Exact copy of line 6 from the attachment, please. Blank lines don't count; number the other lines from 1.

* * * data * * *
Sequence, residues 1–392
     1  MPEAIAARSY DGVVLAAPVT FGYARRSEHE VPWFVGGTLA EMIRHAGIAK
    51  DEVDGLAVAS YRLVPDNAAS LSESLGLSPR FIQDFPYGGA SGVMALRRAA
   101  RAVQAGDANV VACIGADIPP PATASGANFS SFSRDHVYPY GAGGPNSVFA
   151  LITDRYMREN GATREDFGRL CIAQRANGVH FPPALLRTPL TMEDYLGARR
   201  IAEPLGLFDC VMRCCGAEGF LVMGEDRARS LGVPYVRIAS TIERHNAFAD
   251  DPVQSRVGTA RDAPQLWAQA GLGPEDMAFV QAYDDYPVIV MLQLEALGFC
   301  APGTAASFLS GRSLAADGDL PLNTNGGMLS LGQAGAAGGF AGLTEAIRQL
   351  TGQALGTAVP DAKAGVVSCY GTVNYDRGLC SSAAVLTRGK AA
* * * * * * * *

   201  IAEPLGLFDC VMRCCGAEGF LVMGEDRARS LGVPYVRIAS TIERHNAFAD